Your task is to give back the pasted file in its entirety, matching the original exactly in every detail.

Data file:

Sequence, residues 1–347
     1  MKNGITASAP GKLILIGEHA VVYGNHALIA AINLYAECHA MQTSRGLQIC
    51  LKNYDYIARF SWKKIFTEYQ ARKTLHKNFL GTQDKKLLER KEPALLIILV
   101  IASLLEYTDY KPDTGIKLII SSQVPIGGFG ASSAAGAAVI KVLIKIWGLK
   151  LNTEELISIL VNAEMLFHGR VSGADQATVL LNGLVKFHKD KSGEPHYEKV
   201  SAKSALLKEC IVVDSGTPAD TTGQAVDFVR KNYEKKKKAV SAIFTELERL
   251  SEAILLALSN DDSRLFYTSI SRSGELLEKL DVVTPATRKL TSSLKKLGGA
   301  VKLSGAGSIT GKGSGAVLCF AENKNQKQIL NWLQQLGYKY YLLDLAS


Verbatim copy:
Sequence, residues 1–347
     1  MKNGITASAP GKLILIGEHA VVYGNHALIA AINLYAECHA MQTSRGLQIC
    51  LKNYDYIARF SWKKIFTEYQ ARKTLHKNFL GTQDKKLLER KEPALLIILV
   101  IASLLEYTDY KPDTGIKLII SSQVPIGGFG ASSAAGAAVI KVLIKIWGLK
   151  LNTEELISIL VNAEMLFHGR VSGADQATVL LNGLVKFHKD KSGEPHYEKV
   201  SAKSALLKEC IVVDSGTPAD TTGQAVDFVR KNYEKKKKAV SAIFTELERL
   251  SEAILLALSN DDSRLFYTSI SRSGELLEKL DVVTPATRKL TSSLKKLGGA
   301  VKLSGAGSIT GKGSGAVLCF AENKNQKQIL NWLQQLGYKY YLLDLAS